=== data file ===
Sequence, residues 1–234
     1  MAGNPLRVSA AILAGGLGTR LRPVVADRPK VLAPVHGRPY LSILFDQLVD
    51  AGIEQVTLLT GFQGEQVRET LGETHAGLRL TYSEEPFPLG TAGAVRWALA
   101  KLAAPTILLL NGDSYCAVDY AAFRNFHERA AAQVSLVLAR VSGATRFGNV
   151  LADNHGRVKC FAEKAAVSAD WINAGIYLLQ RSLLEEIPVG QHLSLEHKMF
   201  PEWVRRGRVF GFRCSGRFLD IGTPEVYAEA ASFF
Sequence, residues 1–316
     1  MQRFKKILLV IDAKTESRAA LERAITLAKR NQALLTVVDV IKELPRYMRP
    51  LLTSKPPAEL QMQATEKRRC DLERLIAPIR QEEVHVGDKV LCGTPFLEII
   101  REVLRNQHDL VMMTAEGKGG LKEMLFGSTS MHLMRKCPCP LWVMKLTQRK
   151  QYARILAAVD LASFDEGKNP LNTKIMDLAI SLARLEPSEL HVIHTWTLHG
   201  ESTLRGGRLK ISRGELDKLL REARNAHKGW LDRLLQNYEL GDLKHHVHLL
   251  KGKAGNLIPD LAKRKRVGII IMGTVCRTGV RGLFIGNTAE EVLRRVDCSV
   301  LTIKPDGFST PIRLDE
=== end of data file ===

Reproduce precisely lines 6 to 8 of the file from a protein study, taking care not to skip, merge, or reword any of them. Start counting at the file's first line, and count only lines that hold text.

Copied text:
   201  PEWVRRGRVF GFRCSGRFLD IGTPEVYAEA ASFF
Sequence, residues 1–316
     1  MQRFKKILLV IDAKTESRAA LERAITLAKR NQALLTVVDV IKELPRYMRP